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EDITORIAL: Don't play politics with kids' lives

York Dispatch
  • In 2015, 42,000 reported child abuse calls went unanswered statewide.
  • A new law meant to protect kids from abuse has created significant strain on child advocacy agencies.
  • Legislators must work together to find the root cause of the problem.
  • Another budget delay and more infighting isn't the way to address this.

State Auditor General Eugene DePasquale’s announcement this week that some 42,000 calls – 22 percent of all calls – to the state’s child abuse reporting hotline went unanswered should outrage every one of us.

State Auditor General Eugene DePasquale meets with the York Dispatch Editorial Board at the Dispatch in York, Pa. on Wednesday, Sept. 30, 2015. Dawn J. Sagert - dsagert@yorkdispatch.com

That’s not to say that there are legislators and government employees who are willfully allowing tens of thousands of all calls to the state’s ChildLine fall through the cracks.

It’s the result of a well-intended law that creates largely unfunded state mandates, leaving state and local agencies scrambling.

Calls to the hotline grew after a law went into effect in 2015 that significantly expanded the categories of adults who must get clearances and undergo criminal background checks before working with children.

In York County, changes to the state’s Child Protective Services Law led to a nearly 86 percent increase in referrals, or 2,237 new cases, for the local Office of Children, Youth & Families, which has struggled to keep up.

York County children services issued 3rd provisional license

In April, the office was issued its third consecutive provisional license by the state Department of Human Services after inspectors found numerous violations.

Offices are allowed four consecutive provisional licenses, meaning York County's Children, Youth & Families has two more chances to correct faults before the state steps in. While the county has taken steps to restructure staffing to improve oversight, it continues to experience a high rate of caseworker turnover.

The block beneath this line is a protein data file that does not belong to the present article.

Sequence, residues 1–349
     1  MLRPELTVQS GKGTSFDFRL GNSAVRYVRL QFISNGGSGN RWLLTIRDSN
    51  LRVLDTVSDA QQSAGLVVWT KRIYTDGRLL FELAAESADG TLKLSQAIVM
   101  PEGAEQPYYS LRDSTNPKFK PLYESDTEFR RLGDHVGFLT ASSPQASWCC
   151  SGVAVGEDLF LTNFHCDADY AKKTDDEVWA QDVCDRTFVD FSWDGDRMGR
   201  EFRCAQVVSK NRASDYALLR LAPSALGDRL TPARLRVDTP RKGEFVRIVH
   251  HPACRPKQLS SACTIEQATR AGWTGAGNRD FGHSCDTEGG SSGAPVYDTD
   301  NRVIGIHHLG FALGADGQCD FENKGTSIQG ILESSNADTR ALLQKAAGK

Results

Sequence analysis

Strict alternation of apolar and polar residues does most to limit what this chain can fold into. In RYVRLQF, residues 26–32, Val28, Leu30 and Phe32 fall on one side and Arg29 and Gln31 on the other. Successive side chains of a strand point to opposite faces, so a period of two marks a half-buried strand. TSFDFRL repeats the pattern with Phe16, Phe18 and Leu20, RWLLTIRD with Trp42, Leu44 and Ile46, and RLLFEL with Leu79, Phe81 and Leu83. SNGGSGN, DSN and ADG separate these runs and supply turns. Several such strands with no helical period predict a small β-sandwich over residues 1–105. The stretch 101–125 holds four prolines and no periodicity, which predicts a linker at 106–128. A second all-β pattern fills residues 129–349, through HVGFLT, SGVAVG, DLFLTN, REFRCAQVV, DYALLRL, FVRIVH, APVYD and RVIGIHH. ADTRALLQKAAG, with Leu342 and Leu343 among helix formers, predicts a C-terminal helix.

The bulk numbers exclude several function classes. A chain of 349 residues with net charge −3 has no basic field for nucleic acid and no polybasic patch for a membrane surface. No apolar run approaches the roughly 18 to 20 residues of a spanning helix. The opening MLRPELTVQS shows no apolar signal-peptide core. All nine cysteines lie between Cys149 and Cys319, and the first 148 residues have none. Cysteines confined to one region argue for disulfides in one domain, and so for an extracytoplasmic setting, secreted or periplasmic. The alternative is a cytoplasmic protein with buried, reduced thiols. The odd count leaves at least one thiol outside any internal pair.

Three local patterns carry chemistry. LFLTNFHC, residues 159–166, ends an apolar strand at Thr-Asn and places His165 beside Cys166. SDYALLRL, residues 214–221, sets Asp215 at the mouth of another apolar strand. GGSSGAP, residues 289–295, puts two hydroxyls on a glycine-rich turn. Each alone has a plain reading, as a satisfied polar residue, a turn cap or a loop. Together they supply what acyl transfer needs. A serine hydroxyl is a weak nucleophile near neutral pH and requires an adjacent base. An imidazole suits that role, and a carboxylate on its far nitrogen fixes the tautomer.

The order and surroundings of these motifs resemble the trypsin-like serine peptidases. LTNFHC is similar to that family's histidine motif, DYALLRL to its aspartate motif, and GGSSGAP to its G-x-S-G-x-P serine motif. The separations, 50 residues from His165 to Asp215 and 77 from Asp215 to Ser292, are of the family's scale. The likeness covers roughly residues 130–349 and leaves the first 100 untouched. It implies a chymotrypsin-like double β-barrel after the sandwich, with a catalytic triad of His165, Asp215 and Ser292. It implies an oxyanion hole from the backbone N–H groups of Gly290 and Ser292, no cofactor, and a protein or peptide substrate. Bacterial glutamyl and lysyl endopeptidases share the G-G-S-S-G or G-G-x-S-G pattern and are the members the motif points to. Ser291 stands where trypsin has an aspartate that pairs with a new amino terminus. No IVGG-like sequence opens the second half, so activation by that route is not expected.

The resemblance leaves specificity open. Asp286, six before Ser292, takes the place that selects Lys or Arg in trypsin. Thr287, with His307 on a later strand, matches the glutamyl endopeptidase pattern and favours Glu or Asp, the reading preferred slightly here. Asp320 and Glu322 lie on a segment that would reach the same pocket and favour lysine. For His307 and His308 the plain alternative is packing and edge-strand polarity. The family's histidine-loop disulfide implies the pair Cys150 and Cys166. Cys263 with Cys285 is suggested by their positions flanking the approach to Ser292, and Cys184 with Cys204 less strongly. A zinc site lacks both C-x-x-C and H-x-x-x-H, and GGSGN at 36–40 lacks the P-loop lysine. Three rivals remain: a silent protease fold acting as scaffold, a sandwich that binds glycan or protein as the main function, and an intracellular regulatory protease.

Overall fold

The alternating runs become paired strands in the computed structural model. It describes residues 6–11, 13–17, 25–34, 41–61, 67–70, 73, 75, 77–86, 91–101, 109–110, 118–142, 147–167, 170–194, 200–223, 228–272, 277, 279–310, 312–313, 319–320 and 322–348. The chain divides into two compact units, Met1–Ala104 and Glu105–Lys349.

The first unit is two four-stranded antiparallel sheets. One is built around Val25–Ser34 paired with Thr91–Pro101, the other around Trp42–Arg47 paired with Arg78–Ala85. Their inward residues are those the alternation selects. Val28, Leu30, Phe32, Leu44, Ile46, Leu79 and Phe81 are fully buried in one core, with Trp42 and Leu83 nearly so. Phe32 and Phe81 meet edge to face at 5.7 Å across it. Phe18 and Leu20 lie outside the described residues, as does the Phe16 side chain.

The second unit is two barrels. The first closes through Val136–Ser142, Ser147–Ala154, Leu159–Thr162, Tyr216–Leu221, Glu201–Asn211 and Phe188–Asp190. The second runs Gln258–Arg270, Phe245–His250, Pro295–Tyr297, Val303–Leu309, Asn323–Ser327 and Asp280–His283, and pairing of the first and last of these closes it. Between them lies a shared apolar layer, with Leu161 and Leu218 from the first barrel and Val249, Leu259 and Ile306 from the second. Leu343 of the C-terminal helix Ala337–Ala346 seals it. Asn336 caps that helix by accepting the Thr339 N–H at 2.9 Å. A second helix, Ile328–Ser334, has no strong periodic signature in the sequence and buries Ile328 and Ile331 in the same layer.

So many new referrals following the 2015 law means workers are burdened with a caseload that can result in burnout.

“While we, of course, support measures designed to improve child welfare, the new laws resulted in an abrupt, near-doubling in workload, causing some of our staff to either retire or resign in favor of other opportunities,” county spokesman Carl Lindquist told the Dispatch.

That’s why the York County Office of Children, Youth & Families is asking for added state funding for the 2016-17 fiscal year to cover cost of living increases for employees as well as projected cost increases for additional contracted services.

Whether more funding is needed, or the mandates must be revisited to ensure they actually accomplish the protections intended, it’s up to legislators to work with agencies to get this issue resolved.

And they must work together, as well.

Here’s the call to action for lawmakers:

We're coming up on June 30. Don’t let another budget impasse adversely affect agencies including the Office of Children, Youth & Families.

This has nothing to do with what often appears to be a politically-motivated strategy of refusing to compromise.

This is about our children – and the caseworkers charged with protecting them. So please, put aside the partisan bickering and pass a budget that fully funds the agencies that, in some cases, save our children’s lives.